UNC Professor Named Pew Scholar
|Saskia B. Nehir, Ph.D. Photo courtesy of the University of North Carolina.|
By Jeremy Summers, NCBiotech Writer
Saskia B. Neher, Ph.D., an assistant professor in the biochemistry and biophysics department at the University of North Carolina School of Medicine, has been named one of this year’s Pew Scholars in the Biomedical Sciences.
The prestigious award, given out by the Pew Charitable Trusts, recognizes early-career scientists whose research points to important medical breakthroughs.
Neher’s research focuses on the molecular breakdown of fat and the proteins that activate this process.
Molecules known as lipases help to break down fat so the body can use it as fuel or store it for later use. Lipases are regulated by two proteins that activate and disable this process.
When defects occur in lipoprotein lipases (LPL), a person is at an increased risk for cardiovascular disease.
Neher has discovered new evidence of how the activating protein functions. Her research is expected to produce new targets for treating or preventing cardiovascular disease.
“Pew is pleased to provide this country’s most ambitious and dedicated scientists with timely funding that enables them to explore novel areas of investigation early in their careers, at what may be the most inventive and creative period in their research,” said Rebecca W. Rimel, president and CEO of The Pew Charitable Trusts.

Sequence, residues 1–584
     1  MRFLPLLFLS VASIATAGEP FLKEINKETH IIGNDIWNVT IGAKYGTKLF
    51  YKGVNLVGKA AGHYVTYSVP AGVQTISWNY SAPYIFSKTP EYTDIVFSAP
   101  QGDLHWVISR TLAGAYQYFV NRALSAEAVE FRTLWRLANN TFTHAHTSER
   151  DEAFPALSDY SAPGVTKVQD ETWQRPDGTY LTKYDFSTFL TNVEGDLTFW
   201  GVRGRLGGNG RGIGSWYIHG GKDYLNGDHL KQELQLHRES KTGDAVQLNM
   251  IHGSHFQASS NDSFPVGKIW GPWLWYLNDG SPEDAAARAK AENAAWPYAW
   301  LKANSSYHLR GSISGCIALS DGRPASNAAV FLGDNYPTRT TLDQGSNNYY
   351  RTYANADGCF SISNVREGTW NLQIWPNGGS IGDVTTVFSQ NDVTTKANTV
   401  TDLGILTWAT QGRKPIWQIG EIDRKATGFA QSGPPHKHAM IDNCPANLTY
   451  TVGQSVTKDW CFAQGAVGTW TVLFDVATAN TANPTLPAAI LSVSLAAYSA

Neher is one of eight women, out of 22 promising scientists, to receive the distinction this year. She becomes UNC’s eleventh recipient of the award.
This year’s field consisted of 134 eligible candidates, nominated by invited institutions, to select faculty members whose work demonstrates excellence and innovation.
The Pew Scholars Program has funded over 500 scholars, totaling more than $125 million, since it began in 1985. Awardees receive $240,000 over a four-year period to advance their research without restriction. Past recipients include several MacArthur Fellows and three Nobel Prize winners.